On September 28, President Obama signed into law a bill that extended several immigration provisions for three years. They are: (1) the EB‑5 Regional Center program, which permits immigrant investors to invest in certain regional programs and obtain, if approved, conditional residency and ultimately permanent resident status, provided the conditions of the investment are met; (2) E‑Verify, the Internet-based system operated by USCIS in partnership with the Social Security Administration (SSA), which allows participating employers to electronically verify the employment eligibility of their newly hired employees; (3) the part of the Religious Worker immigrant visa category for nonminister special immigrant religious workers; and (4) the Conrad State 30 J‑1 Waiver program, which authorizes each state to request waivers of the two-year home residency requirement to certain foreign medical graduates in change for providing primary patient care for three years in medically under served areas. The programs each received a three-year extension gives important peace of mind to those in process and involved with these programs.

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Reentry Permit Applicants Under Age 14 or Over 79
Need Not Appear for Biometrics Appointment

When a lawful permanent resident (LPR) plans to depart the U.S. temporarily and does not expect to return to the United States for a year, he or she is advised to obtain a Reentry Permit before departing the U.S. A Reentry Permit is a travel document that helps to protect an individual from inadvertently abandoning permanent resident status. To obtain the Reentry Permit, the individual must apply while in the U.S. The rules regarding fingerprints and photographs have been confusing as to those persons under age 14 or over 79 because these individuals are not required to pay a biometrics fee or have their fingerprints taken. They are, however, being notified by USCIS that they are to appear at Application Support Centers for biometrics. Recently, USCIS has advised that such individuals are not required to attend a biometrics appointment. Instead, applicants under the age of 14 or over 79 can submit two passport-style photographs when applying for the Reentry Permit (in addition to all other required documentation), and USCIS will issue the travel document without requiring the applicant to attend an appointment.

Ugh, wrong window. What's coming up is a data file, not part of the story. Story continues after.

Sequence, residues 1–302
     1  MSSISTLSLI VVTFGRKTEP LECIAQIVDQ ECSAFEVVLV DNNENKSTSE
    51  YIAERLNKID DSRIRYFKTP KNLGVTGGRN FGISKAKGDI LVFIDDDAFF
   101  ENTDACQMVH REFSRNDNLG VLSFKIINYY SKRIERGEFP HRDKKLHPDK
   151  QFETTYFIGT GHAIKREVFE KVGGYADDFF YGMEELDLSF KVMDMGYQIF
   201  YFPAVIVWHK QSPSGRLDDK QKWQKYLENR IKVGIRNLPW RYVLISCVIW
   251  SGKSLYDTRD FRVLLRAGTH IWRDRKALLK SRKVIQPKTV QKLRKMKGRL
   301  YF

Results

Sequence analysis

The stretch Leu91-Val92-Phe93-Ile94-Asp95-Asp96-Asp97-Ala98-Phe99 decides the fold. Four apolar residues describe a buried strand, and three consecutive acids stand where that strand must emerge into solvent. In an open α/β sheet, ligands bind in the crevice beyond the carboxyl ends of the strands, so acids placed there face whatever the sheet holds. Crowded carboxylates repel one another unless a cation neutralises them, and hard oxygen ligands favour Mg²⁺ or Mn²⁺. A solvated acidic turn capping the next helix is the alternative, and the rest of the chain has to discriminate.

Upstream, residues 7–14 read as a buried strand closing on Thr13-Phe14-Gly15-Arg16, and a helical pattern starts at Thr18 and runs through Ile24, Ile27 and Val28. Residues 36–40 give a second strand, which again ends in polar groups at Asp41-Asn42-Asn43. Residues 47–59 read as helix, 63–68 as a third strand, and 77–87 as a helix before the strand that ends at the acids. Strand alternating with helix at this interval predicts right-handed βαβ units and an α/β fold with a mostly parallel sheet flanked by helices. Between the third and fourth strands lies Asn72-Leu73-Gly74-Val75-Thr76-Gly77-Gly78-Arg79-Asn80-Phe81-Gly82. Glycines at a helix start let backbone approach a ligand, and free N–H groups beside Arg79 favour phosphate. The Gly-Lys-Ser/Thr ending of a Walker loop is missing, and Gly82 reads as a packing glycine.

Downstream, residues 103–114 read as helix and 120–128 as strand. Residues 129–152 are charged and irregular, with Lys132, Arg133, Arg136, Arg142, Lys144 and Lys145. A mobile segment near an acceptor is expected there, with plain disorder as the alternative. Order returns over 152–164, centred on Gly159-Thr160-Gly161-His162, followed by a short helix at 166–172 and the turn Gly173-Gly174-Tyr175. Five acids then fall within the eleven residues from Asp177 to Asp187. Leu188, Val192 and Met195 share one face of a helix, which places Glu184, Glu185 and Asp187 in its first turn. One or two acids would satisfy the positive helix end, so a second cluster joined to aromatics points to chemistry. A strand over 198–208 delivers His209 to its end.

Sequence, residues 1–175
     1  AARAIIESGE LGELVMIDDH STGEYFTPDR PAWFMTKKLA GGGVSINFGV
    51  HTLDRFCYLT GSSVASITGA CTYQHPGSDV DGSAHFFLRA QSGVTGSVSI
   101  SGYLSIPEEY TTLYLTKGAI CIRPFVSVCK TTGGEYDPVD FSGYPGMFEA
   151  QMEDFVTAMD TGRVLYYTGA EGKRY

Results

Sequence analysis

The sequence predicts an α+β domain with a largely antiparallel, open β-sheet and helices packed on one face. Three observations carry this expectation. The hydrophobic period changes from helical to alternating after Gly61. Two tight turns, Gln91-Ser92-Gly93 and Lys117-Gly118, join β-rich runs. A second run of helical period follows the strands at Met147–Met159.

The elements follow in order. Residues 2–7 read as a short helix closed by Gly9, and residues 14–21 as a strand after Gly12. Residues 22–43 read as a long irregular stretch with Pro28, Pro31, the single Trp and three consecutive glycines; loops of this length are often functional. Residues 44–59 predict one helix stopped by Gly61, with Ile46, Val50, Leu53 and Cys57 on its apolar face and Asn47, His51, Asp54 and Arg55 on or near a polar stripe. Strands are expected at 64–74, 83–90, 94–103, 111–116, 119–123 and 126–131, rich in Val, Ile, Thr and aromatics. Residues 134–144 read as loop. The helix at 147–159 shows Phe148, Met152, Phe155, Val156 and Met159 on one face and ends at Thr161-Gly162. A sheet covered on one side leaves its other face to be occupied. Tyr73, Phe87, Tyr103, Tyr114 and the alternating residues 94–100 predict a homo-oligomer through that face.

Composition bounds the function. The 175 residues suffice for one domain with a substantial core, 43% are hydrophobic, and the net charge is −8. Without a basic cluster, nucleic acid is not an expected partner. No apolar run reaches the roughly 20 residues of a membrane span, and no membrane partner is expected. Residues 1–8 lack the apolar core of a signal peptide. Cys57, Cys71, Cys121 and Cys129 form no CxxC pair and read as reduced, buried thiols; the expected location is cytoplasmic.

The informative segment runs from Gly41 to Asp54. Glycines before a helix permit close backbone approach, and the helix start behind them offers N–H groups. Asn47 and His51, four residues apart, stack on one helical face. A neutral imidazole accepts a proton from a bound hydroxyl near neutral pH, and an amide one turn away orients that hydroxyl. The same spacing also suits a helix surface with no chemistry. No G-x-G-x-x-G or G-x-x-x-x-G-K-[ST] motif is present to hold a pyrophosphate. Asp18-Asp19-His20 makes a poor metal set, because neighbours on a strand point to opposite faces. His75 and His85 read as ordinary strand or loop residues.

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Three-Year Multiple Entry Visas for
Russian B-1 & B-2 Visitors Now the Norm

In early September Russian and American travelers for business or tourism became eligible to receive three-year multiple entry visas under a new bilateral agreement between the U.S. and Russia. This is the new standard for U.S. citizens visiting Russia and Russian citizens visiting the United States. Also, no formal invitation will be required to apply for a business or tourism visa, although applicants seeking Russian tourist visas must continue to hold advance lodging reservations and arrangements with a tour operator. The agreement also simplifies and eases visa processing time for travelers from both countries, including a commitment to keep standard visa processing times under 15 days. The United States has reducing the fee charged to Russians for business or tourist visas to $20. (The $160 DS‑160 nonimmigrant visa application fee still applies, and validity and fees for other visa types do not change.) For U.S. travelers, the agreement lifts the previous restriction limiting stays in Russia to 90 days within any given 180-day period. In addition, "exit visas" will no longer be necessary in the case of U.S. citizens who lose their passports while in Russia. U.S. citizens with current Russian visas are reminded that they are still subject to the terms and dates of the visas already in their possession. For more details, see www.moscow.usembassy.gov/russian-visas.html and www.ustraveldocs.com/ru

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Taiwan Designated for Visa Waiver Program (VWP)

Effective November 1, 2012, eligible Taiwan passport holders will be able to use the streamlined Visa Waiver program. Taiwan joins 36 participants in the VWP, which permits visa-free travel to the United States for ESTA-approved travelers visiting the U.S. for 90 days or less for business or tourism.

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IRS Now Requiring Original Documentation for ITINs

Certain Nonresident Foreign Nationals Exempted

In an effort to "to strengthen and protect the integrity of the ITIN process while minimizing the impact on taxpayers", until the end of the year, the IRS will no longer accept notarized or other copies of documentation (such as passports and birth certificates) for issuing individual tax identification numbers (ITINs). During this interim period, people who need ITINs can do so by submitting original documentation (or certified copies by the issuing agency) by mail or at IRS walk-in sites. The IRS specifically states that apostille documents will not be accepted. The new rules specifically exempt military personnel and their families, as well as "nonresident aliens" who are applying for ITINs for the purpose of claiming tax treaty benefits or who are subject to third-party withholding for various income (such as certain gaming winnings or pension income, or otherwise need an ITIN for information reporting purposes). The IRS advises that while existing documentation standards will be maintained for these applicants, scrutiny of the documents will be heightened. ITIN applications by nonresident aliens that are accompanied by a U.S. tax return will be subject to these new interim document standards. The IRS advises that it will return original documents within 60 days.